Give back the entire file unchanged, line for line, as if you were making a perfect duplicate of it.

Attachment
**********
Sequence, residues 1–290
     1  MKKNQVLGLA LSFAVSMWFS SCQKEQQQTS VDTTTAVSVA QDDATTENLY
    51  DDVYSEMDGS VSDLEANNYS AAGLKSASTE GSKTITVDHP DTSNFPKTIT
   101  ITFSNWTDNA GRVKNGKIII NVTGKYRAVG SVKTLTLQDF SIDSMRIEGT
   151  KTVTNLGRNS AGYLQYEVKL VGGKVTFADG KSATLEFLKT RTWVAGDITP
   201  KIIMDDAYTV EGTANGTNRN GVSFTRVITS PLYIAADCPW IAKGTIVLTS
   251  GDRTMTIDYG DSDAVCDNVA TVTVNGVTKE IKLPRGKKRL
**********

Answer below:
Sequence, residues 1–290
     1  MKKNQVLGLA LSFAVSMWFS SCQKEQQQTS VDTTTAVSVA QDDATTENLY
    51  DDVYSEMDGS VSDLEANNYS AAGLKSASTE GSKTITVDHP DTSNFPKTIT
   101  ITFSNWTDNA GRVKNGKIII NVTGKYRAVG SVKTLTLQDF SIDSMRIEGT
   151  KTVTNLGRNS AGYLQYEVKL VGGKVTFADG KSATLEFLKT RTWVAGDITP
   201  KIIMDDAYTV EGTANGTNRN GVSFTRVITS PLYIAADCPW IAKGTIVLTS
   251  GDRTMTIDYG DSDAVCDNVA TVTVNGVTKE IKLPRGKKRL